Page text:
Gogol, the great Russian novelist, masturbated; to which practice was due, probably, the dreamy melancholy of his life-pictures; and Goethe is supposed to have been a victim of the same vice, from the passage in the seventh book of his "Dichtung und Wahrheit," where, describing his student life at Leipzig, and the loss with amorous and attractive men. Delectalio morosa, as the theologians called it, occupying the mind with sexual dreams, and images, was in the early church the besetting sin of the neophyte in the convent, as well as the postulant for the priesthood. A perpetuation, doubtless, of the ancient myth of the incubi and succubm, male and female nocturnal demons which were supposed to consort sexually with men and women in sleep," and which Gamier supposes to have blossomed out into the ecclesiastical pederasty of mediaeval Italy, the day-dream, or sexual reverie, was an institution well calculated to find ready acceptance, and full development, among a vast number of hot-blooded youths, of both sexes, shut out from one another's society, and condemned to seek the sole gratification of their sexual passions in psychological forms; so that it is not wonderful, notwithstanding the seemingly unsatisfactory nature of the act, to find a writer of the times saying that "not an abbey of any celebrity could be found in which the cloistered customs did not, on numerous occasions, suffer from the contagion of ahamelessness."1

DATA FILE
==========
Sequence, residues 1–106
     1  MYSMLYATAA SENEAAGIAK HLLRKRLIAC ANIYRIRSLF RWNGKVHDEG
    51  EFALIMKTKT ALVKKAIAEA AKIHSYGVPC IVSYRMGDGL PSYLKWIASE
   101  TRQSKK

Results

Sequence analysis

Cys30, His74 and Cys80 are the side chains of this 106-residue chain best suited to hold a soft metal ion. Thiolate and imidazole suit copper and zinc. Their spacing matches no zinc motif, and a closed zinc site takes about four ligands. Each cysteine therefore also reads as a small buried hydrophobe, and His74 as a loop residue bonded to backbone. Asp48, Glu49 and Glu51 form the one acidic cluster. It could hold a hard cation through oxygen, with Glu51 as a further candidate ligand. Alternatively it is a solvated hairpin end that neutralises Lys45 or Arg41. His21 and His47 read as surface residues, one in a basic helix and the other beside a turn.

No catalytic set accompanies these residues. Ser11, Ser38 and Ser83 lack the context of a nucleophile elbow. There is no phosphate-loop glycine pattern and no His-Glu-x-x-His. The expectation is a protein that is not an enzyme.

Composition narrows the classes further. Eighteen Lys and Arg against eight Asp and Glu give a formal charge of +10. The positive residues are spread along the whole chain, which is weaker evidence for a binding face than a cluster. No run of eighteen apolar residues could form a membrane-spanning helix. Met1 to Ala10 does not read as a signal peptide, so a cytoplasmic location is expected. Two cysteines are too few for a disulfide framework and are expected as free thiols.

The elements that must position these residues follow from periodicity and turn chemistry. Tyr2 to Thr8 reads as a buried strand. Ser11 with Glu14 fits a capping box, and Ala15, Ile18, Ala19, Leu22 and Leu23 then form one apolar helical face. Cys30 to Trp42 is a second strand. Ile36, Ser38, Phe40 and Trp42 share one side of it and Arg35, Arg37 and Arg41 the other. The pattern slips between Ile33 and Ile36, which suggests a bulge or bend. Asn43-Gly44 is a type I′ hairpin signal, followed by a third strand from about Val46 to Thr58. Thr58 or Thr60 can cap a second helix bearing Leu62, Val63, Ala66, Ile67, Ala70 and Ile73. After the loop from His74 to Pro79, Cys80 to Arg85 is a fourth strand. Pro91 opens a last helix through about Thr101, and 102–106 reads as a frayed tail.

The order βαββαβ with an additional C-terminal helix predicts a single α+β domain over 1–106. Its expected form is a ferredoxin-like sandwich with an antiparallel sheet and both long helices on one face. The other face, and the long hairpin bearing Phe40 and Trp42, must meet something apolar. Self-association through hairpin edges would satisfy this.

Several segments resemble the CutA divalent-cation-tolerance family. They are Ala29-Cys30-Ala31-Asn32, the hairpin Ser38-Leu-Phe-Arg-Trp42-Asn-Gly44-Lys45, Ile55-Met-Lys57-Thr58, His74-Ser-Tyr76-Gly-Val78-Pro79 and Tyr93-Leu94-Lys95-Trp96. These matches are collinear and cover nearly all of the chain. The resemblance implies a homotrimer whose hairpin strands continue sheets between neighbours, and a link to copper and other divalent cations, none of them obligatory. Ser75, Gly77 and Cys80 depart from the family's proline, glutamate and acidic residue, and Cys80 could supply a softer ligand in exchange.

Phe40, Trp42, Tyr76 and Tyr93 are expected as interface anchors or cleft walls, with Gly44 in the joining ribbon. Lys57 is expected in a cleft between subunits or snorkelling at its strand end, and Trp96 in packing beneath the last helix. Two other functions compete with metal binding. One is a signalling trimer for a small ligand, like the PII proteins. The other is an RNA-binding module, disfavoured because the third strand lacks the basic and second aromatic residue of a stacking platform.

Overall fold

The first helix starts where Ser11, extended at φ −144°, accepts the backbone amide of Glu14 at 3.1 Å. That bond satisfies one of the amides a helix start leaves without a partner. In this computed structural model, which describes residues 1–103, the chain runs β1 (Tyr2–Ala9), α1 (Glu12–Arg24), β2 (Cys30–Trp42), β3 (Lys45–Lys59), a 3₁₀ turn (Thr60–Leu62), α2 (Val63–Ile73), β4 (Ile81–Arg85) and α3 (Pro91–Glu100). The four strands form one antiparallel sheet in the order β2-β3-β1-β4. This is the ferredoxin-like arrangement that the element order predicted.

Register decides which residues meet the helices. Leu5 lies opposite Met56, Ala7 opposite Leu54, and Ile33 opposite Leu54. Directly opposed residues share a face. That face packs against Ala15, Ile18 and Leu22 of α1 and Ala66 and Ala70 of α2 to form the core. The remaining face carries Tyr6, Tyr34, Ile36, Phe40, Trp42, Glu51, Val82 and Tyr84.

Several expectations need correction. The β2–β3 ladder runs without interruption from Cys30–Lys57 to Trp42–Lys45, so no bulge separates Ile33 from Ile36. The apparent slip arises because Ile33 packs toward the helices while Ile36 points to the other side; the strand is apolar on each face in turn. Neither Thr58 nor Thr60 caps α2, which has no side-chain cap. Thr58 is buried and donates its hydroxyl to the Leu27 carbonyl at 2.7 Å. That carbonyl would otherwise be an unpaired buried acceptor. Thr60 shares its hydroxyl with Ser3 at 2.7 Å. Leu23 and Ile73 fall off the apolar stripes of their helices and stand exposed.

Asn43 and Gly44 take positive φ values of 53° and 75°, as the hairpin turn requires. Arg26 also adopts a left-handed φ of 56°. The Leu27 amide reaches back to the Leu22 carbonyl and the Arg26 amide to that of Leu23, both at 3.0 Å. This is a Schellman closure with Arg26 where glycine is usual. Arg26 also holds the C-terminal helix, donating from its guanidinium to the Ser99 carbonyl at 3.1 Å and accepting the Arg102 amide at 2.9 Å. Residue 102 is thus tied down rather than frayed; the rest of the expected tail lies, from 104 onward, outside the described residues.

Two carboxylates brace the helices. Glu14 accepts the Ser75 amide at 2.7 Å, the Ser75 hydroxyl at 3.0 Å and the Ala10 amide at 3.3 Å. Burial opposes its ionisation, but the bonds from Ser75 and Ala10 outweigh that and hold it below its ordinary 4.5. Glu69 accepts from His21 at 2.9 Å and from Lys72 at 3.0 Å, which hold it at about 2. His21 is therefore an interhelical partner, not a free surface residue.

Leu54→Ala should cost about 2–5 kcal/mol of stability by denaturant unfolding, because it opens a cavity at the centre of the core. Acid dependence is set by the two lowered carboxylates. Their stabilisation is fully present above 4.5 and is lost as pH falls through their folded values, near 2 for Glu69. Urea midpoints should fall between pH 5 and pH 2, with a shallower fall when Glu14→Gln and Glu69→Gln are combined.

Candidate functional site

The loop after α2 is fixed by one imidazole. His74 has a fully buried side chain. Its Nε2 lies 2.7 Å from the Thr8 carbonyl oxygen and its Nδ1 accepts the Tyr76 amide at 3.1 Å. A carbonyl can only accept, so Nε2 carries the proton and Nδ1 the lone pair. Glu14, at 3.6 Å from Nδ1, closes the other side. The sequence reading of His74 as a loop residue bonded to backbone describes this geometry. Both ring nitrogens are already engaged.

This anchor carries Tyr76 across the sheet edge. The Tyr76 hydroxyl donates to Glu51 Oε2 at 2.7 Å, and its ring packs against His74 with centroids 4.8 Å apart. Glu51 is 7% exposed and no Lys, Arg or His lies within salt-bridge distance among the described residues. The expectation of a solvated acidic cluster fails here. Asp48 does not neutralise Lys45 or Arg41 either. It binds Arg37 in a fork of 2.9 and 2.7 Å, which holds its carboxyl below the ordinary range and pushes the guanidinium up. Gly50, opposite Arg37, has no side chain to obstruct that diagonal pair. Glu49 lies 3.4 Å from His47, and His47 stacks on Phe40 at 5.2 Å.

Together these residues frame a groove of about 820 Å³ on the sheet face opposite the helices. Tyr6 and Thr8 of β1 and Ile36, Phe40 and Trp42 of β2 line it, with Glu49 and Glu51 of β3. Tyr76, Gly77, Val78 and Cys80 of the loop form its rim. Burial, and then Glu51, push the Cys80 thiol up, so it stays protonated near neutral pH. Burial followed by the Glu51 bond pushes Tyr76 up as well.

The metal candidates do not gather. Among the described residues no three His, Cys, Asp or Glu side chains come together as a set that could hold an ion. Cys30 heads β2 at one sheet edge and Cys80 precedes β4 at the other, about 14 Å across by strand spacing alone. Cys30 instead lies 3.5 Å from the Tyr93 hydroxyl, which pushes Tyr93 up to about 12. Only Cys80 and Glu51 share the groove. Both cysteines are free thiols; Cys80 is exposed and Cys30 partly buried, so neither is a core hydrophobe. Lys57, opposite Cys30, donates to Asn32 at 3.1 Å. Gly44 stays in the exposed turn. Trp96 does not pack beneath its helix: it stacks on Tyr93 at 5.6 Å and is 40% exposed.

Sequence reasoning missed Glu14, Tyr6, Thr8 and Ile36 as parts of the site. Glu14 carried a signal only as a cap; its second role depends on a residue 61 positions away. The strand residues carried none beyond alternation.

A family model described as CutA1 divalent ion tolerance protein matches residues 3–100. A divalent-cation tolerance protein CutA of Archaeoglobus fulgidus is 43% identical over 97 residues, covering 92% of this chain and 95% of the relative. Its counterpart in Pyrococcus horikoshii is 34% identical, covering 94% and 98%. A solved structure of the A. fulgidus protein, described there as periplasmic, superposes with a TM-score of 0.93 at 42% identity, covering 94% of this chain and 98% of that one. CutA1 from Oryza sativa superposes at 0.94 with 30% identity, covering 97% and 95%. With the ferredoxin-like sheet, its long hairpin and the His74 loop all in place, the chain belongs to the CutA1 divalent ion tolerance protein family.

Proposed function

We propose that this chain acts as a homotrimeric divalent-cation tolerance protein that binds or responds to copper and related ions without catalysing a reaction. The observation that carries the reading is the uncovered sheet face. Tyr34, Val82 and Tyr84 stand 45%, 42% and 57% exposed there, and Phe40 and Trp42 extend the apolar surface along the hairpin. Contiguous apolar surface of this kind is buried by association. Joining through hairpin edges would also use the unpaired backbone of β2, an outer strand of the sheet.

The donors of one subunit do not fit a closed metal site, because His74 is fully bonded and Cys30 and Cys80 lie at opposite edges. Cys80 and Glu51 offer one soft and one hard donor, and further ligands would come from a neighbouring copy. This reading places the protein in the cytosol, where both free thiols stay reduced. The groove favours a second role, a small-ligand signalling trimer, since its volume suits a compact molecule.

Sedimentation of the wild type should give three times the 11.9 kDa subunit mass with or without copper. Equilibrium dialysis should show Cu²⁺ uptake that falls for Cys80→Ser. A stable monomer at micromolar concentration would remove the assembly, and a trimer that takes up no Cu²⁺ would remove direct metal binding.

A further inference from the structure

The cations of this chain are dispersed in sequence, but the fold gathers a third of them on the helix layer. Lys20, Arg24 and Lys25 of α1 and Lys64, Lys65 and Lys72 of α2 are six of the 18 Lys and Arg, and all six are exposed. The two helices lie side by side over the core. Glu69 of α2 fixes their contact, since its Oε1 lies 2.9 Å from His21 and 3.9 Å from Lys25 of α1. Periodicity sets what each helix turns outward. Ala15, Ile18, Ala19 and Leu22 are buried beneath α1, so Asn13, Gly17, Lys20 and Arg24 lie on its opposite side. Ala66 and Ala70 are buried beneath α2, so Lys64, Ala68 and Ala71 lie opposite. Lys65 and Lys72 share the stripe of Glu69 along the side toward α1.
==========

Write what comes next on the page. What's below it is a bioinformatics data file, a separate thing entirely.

1 Concerning this point there seems to be a practical agreement among all observers. Tissot stated that masturbation causes aversion to marriage. Loiman found that the habit in women renders normal sexual satisfaction impossible (Ueber Onanýtmu* brim tVribe), and Smith Baker remarks that " a source of marital aversion lies in the fact that substitution of mechanical and iniquitous excitation affords more satisfaction than legitimate intercourse does." (Jour. AW. and Meni. Di»., 1892.)

Day-dreaming has been very interestingly studied, in the shape of the continued story, by Mabel Learoyd, of Wellesley Collegeóan institution at which, by the way, only recently, an incipient rebellion was started by the refusal of one of the faculty to continue his lectures on procreation to the young ladies;1 and in most cases where refined romanticism is carried to the very greatest height it will be found to have a strictly sexual basis." *